Having lost its appeal against the UK High Court of Justice’s ruling, which decided Samsung’s tablet designs didn’t infringe on the iPad, Apple is being forced to make a public apology.
The best bit? The judge in question has described how it has to do it. Apple will have to post notices on its website, and in newspapers, explaining why it’s sorry. In Arial. With a font size no smaller than 14 pts. Brilliant.
The case in question had previously thrown out Apple’s complaints, when Judge Colin Birss explained that the Galaxy tablets “do not have the same understated and extreme simplicity which is possessed by the Apple design… They are not as cool.” As a result, Biriss judged that consumers were unlikely to confuse the two tablets, meaning that Samsung’s product didn’t infringe on Apple’s registered design. This particular legal battle just keeps getting better. [BBC]
Not too long ago, Samsung faced a big loss against Apple in court, and now, it’s just sat through the announcement of the new iPhone, which sold out its preorders in a matter of hours. What’s a rival manufacturer to do? That’s easy; if you’re Samsung, you attack.
Samsung has crafted a pretty aggressive ad comparing Apple’s flagship iPhone 5 to its own Galaxy S III. You can guess who comes out on top. While the lion’s share of the ad’s criticisms are fair—the S III does have NFC while the iPhone 5 doesn’t, and the same goes for removable battery and microSD storage—the bit referring to Apple’s new connector comes off as a bit snide. But you didn’t expect this to be civil, did you?
Adorned with the clever (admit it, it’s clever) tagline “It doesn’t take a genius,” the ad is due to roll out a bunch of newspapers tomorrow, where it will doubtlessly reach the sort of people who still read newspapers. Clearly Samsung isn’t about to take anything lying down, and who could blame them? The question is, will it work? [CNET]
The federal court jury in the patent infringement lawsuit between Apple and Samsung has presented its verdict after deliberating for just 21 hours and 37 minutes following the three week trial. This particular case started with Apple’s lawsuit last April and now the jury’s decision is that Samsung did infringe on Apple’s ’381 bounceback patent with all 21 of its products in question. For the ’915 patent on pinch-and-zoom, the jury ruled all but three of the devices listed infringed, and more damningly, found that Samsung executives either knew or should have known their products infringed on the listed patents. The jury has also found against Samsung when it comes to Apple’s contours on the back of the iPhone and its home screen GUI. The Galaxy Tab, was found not to have infringed upon Apple’s iPad design patents. The bad news for Samsung continued however, as the jury decided that not only did it willfully infringe on five of the seven Apple patents, but also upheld their validity when it came to utility, design and trade dress.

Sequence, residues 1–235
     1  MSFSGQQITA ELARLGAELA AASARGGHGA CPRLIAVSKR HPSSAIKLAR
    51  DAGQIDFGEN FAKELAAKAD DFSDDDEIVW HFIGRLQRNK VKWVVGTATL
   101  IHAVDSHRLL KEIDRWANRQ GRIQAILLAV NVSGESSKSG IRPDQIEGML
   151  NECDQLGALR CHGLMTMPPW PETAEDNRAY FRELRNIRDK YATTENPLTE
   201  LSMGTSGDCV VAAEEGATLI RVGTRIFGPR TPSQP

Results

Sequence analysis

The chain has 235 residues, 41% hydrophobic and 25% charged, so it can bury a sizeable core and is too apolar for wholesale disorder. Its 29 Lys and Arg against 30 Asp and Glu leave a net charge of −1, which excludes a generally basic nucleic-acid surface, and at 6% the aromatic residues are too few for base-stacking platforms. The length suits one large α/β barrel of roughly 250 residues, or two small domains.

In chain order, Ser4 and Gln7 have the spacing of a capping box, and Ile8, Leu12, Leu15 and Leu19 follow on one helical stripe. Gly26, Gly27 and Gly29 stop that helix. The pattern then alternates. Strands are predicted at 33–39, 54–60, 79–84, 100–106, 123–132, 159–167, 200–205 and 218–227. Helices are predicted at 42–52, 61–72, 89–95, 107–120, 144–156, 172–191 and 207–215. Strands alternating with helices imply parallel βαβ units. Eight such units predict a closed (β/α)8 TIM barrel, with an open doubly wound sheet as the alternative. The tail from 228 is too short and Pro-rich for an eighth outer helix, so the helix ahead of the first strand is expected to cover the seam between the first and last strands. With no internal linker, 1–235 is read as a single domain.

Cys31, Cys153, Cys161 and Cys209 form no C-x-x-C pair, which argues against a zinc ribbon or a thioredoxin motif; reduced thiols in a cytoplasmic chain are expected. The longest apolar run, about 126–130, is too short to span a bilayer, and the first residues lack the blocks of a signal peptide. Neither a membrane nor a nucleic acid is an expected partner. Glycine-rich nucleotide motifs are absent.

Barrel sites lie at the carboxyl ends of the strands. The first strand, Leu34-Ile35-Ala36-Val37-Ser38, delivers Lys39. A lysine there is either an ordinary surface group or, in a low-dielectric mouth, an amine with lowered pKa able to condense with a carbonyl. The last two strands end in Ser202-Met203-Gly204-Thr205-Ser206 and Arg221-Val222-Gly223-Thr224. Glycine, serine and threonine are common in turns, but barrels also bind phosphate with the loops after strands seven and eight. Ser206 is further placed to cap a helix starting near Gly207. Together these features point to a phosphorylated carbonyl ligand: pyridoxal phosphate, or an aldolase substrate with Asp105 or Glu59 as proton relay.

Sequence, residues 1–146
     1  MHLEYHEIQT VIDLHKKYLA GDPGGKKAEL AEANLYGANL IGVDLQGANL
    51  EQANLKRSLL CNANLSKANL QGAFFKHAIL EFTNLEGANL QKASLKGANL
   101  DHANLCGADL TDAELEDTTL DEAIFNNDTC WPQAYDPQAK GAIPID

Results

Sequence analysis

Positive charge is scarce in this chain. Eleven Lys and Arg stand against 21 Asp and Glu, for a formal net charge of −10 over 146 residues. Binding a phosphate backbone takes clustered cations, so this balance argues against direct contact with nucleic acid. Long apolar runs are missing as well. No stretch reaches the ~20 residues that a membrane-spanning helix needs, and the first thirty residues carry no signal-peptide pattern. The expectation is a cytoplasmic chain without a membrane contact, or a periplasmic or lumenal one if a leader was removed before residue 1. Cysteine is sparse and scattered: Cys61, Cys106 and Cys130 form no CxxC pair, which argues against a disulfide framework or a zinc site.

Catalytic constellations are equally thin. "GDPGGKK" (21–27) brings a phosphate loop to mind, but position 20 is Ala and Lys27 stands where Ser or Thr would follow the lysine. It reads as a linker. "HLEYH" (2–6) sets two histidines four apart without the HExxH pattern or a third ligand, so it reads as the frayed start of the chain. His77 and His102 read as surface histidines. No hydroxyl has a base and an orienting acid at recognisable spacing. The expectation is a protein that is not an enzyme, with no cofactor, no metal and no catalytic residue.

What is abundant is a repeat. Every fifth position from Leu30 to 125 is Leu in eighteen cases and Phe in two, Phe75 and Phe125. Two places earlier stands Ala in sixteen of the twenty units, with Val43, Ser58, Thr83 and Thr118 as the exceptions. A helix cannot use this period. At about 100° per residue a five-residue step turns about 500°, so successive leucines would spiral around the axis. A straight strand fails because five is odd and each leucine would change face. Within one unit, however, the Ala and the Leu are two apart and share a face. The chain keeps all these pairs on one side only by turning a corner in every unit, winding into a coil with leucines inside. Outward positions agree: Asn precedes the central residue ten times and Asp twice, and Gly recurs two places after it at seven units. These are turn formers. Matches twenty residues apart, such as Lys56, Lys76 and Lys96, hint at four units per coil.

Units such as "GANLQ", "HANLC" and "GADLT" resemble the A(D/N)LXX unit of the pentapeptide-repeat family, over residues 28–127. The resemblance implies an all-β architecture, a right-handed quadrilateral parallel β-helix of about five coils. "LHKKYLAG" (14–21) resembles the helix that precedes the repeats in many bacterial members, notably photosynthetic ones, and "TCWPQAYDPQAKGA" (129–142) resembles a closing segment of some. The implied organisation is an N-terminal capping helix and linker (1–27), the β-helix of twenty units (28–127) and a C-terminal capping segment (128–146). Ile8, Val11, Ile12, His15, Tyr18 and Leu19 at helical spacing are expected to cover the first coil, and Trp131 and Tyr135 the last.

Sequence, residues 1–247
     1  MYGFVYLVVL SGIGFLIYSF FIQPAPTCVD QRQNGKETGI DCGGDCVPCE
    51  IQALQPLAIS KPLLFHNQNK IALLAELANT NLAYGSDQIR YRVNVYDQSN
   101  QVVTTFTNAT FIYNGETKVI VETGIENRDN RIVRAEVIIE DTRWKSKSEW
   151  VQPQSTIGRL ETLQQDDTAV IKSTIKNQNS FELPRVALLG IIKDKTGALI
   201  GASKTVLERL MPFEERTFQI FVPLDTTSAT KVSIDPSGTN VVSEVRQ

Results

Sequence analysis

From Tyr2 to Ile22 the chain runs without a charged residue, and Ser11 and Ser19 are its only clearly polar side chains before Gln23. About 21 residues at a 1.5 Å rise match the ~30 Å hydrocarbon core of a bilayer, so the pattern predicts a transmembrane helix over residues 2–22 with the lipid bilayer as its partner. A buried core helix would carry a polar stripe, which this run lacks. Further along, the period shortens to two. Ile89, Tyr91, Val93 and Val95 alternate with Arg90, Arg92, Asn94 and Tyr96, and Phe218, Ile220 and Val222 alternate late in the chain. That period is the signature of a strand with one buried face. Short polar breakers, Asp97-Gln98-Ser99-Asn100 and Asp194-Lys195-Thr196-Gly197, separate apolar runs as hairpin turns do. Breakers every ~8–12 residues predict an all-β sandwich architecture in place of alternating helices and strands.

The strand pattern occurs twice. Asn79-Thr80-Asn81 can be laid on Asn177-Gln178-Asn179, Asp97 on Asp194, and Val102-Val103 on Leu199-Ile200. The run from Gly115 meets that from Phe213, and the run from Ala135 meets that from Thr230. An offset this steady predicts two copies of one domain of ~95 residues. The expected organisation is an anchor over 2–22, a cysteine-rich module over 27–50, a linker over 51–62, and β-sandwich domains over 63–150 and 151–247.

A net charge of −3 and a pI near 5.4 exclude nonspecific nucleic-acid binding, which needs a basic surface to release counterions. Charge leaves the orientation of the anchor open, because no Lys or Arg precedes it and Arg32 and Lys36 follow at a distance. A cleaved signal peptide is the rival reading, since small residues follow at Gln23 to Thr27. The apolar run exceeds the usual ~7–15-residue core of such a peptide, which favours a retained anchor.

The amount of the damages against Samsung is in:
$1,051,855,000.00 (see below). That’s less than half of the $2.5 billion it was seeking, but still more than enough to put an exclamation point on this victory for the team from Cupertino. The final number is $1,049,343,540, after the judge found an issue with how the jury applied damages for the Galaxy Tab 10.1 4G LTE and Intercept. The jury also ruled that Apple did not infringe upon Samsung’s patents with the iPhone 3G and 3GS, and has awarded it zero dollars in damage. We’ll have more information for you as it become available.
Update: Both companies have released statements on the matter, with Apple stating via the New York Times the ruling sends a loud and clear message that “stealing isn’t right.” Samsung has its own viewpoint calling this “a loss for the American consumer” that will lead to fewer choices, less innovation and high prices. You can see both in their entirety after the break.
Apple v. Samsung jury finds Apple’s patents valid, awards it nearly $1.05 billion in damages originally appeared on Engadget on Fri, 24 Aug 2012 18:44:00 EDT. Please see our terms for use of feeds.